This was an accomplished performance by all those concerned. From the artists on stage to the venue lighting and PA – it was all flawlessly executed. It takes skill to translate emotions into song and Julia Fordham is a great translator.
Friday 25th November 2016
If you haven’t been to Union Chapel in Islington it’s a spectacular venue. The interior architecture, saved in recent years from demolition and restored to its former glory, is simply breathtaking. But as I joined an orderly queue of well-to-do bohemians talking about who should or shouldn’t be using their shared lounge, I wasn’t sure if Julia Fordham was going to be my kind of thing. Once inside, I made my way to the bar and restaurant where men in cravats and women in pearls talked of Andrew Lloyd Webber in revered tones. The congregated worthies were enjoying quiche, mushroom, quinoa & Stilton salad. I was starting to feel very out of place.
I retreated to the chapel, but wherever I tried to sit, coats reserved the pews like German towels reserve pool loungers while the owners enjoyed their quinoa and stilton upstairs, doubtless with port and gout. The owner of one coat was a little upset when he found me sitting in ‘his’ place but I simply shrugged my shoulders and watched as he hobbled with his gammy leg to the back of the hall. There was talk of strategy meetings in front of me and the stress of ‘investor on-boarding’ behind and I thought, “Oh God, what am I doing here?” God chose not to answer immediately. Or at all. Unless you count the start of the concert. In which case… oh, it was all becoming very theophilosophic. The concert started and I made a mental note that I was calling this a concert now and not a gig.
Julia Fordham looked good and sounded good. The concert was clearly going to be her showcase. The investor on-boarding team hadn’t come to see the band – they’d come to hear Julia Fordham. Her voice, her songs, her music. The concert was a personal communion from the start. The opening number, ‘Ingrid & Humphrey,’ was dedicated to her mother’s 50th Wedding Anniversary, and the lyrics touchingly related to her family – “She looked like Ingrid Bergman in her taffeta dress…” I saw the smiles on the faces of the audience and felt like I’d been allowed into the club for the evening.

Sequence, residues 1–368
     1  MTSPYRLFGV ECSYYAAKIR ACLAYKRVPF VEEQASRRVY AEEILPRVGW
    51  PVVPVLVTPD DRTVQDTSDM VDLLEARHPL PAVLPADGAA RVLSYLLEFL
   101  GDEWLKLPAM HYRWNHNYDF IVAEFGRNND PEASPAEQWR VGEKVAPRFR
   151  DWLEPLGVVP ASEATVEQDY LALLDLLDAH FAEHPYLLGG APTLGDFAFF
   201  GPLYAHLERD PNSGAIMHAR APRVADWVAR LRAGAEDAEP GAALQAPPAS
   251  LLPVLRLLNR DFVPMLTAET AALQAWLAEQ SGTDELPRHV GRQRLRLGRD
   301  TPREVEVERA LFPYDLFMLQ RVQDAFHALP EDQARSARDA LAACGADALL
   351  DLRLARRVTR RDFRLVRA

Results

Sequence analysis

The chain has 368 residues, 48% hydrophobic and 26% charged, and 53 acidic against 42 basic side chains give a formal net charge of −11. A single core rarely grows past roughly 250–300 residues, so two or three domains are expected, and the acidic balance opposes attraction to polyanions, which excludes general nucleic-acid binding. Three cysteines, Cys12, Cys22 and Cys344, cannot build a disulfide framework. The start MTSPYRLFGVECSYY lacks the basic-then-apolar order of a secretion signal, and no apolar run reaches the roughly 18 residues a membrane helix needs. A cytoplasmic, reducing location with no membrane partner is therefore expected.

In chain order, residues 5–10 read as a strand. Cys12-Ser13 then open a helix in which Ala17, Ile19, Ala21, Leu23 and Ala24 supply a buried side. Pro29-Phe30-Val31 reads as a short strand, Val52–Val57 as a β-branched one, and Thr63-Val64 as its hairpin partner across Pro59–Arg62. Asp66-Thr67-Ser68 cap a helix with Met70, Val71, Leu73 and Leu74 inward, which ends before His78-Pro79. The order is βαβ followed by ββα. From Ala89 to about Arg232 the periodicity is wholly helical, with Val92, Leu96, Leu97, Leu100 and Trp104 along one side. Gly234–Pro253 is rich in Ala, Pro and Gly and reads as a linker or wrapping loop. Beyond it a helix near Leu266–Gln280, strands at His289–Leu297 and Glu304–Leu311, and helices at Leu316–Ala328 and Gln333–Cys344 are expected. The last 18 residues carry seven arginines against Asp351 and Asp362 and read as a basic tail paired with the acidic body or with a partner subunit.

This was a, ‘Live, By Request,’ concert. Fans requested songs on Facebook and she performed them on the evening. It was a great idea and undoubtedly added to the intimacy of the venue and the event. If you’re ever wondering how to pick your set list from a 26-year career, let the crowd decide.
It was, however, intrinsically sad music. Minor chords. Slow rhythms. Modulating tones. Melancholic. There’s no denying the talent or the artistry of the augmented, suspended and diminished chords, but it was a bit… blue. I found myself hankering for a major power chord riff – but that was just me because the audience was fully appreciative of Julia Fordham’s voice. She does have a considerable range, fluctuating from clear highs to very deep, moody lows. All beautifully understated – the harmonies, the acoustic lead, the percussive shaker and chimes. Shout out to the pianist and his harmonies. I’m all about the harmonies and this guy didn’t look like a harmonies guy. But he was. Bravo.
This was an accomplished performance by all those concerned. From the artists on stage to the venue lighting and PA – it was all flawlessly executed. It takes skill to translate emotions into song and Julia Fordham is a great translator. She does angst very well. I’m not sure I want to listen to it all night, but she does it really well. No one was singing along, but I saw at least 3 lips moving in sync. The guy whose coat I sat on was having trouble with his stiff upper lip, but his wife was definitely rattling her jewellery.
Future tour dates and album details/downloads are available from Julia’s website.